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Mixing Races: From Scientific Racism to Modern Evolutionary Ideas
     

Mixing Races: From Scientific Racism to Modern Evolutionary Ideas

by Paul Lawrence Farber
 

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This book explores changing American views of race mixing in the twentieth century, showing how new scientific ideas transformed accepted notions of race and how those ideas played out on college campuses in the 1960s.

In the 1930s it was not unusual for medical experts to caution against miscegenation, or race mixing, espousing the common opinion that it

Overview

This book explores changing American views of race mixing in the twentieth century, showing how new scientific ideas transformed accepted notions of race and how those ideas played out on college campuses in the 1960s.

In the 1930s it was not unusual for medical experts to caution against miscegenation, or race mixing, espousing the common opinion that it would produce biologically dysfunctional offspring. By the 1960s the scientific community roundly refuted this theory. Paul Lawrence Farber traces this revolutionary shift in scientific thought, explaining how developments in modern population biology, genetics, and anthropology proved that opposition to race mixing was a social prejudice with no justification in scientific knowledge.

In the 1960s, this new knowledge helped to change attitudes toward race and discrimination, especially among college students. Their embrace of social integration caused tension on campuses across the country. Students rebelled against administrative interference in their private lives, and university regulations against interracial dating became a flashpoint in the campus revolts that revolutionized American educational institutions.

Farber’s provocative study is a personal one, featuring interviews with mixed-race couples and stories from the author’s student years at the University of Pittsburgh. As such, Mixing Races offers a unique perspective on how contentious debates taking place on college campuses reflected radical shifts in race relations in the larger society.

Editorial Reviews

Midwest Book Review
Mixing Races is a fascinating look at how evolutionary science has changed alongside social beliefs.

New Scientist
The history of natural history can rarely have been as succinctly told as in Paul Lawrence Farber's 129-page Finding Order in Nature... It is an odyssey beautifully told.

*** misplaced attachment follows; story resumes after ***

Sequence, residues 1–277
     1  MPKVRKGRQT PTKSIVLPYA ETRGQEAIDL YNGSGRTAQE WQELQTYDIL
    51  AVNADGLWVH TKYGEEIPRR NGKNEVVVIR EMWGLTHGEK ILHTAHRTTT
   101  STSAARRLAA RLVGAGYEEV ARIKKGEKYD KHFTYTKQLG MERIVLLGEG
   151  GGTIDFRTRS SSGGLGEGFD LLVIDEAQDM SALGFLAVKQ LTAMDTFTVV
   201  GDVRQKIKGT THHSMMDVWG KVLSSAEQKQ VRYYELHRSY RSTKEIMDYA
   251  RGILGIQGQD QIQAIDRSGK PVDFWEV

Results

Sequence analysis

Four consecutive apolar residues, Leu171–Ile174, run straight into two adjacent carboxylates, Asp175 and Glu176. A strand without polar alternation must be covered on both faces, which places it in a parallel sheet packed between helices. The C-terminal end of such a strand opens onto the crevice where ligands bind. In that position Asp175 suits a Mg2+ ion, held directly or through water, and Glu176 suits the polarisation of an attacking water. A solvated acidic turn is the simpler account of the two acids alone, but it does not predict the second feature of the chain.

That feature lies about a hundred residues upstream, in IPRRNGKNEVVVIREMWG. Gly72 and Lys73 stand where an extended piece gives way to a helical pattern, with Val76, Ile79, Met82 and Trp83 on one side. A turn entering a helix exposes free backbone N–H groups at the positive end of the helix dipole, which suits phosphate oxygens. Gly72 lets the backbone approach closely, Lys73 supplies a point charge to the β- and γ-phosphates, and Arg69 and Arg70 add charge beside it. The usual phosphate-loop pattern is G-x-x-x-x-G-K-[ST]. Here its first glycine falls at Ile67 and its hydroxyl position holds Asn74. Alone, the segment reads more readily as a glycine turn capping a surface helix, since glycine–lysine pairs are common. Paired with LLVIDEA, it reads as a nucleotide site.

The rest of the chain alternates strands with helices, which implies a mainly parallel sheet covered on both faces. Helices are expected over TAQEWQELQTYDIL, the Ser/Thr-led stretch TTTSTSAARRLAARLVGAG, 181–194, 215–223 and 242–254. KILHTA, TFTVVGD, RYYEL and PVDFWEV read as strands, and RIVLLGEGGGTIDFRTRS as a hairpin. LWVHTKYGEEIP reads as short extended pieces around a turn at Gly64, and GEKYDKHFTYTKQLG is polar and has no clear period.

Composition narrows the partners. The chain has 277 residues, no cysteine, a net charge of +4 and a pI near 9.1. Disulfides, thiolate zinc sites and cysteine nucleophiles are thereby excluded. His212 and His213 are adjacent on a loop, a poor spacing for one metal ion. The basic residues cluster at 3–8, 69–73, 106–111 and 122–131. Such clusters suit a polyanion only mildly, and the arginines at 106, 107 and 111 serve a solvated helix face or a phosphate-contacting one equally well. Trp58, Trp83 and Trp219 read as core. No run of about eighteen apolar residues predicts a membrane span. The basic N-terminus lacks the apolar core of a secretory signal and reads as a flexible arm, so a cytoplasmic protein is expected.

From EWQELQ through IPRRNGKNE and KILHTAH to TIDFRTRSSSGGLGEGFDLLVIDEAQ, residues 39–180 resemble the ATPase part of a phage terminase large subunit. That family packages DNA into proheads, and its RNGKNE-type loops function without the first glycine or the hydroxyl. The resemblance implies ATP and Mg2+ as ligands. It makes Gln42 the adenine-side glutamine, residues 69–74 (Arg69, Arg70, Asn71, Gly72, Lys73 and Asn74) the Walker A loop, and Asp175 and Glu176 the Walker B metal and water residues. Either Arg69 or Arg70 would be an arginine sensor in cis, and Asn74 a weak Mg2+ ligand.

Choice

Books like this one will open the dialogue about social barriers and group identities. A must read for undergraduates, students, faculty and administration, and parents. Essential.

PsycCRITIQUES
It provides a succint, well-organized review of 20th-century scientific research and thinking relevant to notions of race that may assist in our understanding of many of the racial issues that we continue to face as a nation.

— Vetta L. Sanders Thompson

PsycCRITIQUES - Vetta L. Sanders Thompson
It provides a succint, well-organized review of 20th-century scientific research and thinking relevant to notions of race that may assist in our understanding of many of the racial issues that we continue to face as a nation.

Journal of the History of Biology - Garland E. Allen
Farber’s short book (110 pages of actual text) traces both historically and sociologically the changing attitudes on race-mixing (miscegenation) in western culture, though the focus is on the United States... Mixing Races is a clear, well written and useful book. Particularly unique are the personal experiences that the author brings to the story... The documentation is inclusive without being overpowering, and the extra readings at the end of each chapter provide ample opportunities for further exploration.

Library Journal
Farber studies the concept of race-mixing, going back to campus life in the 1960s and interviewing mixed-race couples. He assesses the shift in attitudes toward race relations in the 20th century.

Product Details

ISBN-13:
9781421402581
Publisher:
Johns Hopkins University Press
Publication date:
12/29/2010
Series:
Johns Hopkins Introductory Studies in the History of Science
Sold by:
Barnes & Noble
Format:
NOOK Book
Pages:
136
File size:
3 MB
Age Range:
18 Years

Meet the Author

Paul Lawrence Farber is OSU Distinguished Professor of History of Science, Emeritus, at Oregon State University and author of Discovering Birds: The Emergence of Ornithology as a Scientific Discipline, 1760–1850 and Finding Order in Nature: The Naturalist Tradition from Linnaeus to E. O. Wilson, both also published by Johns Hopkins.

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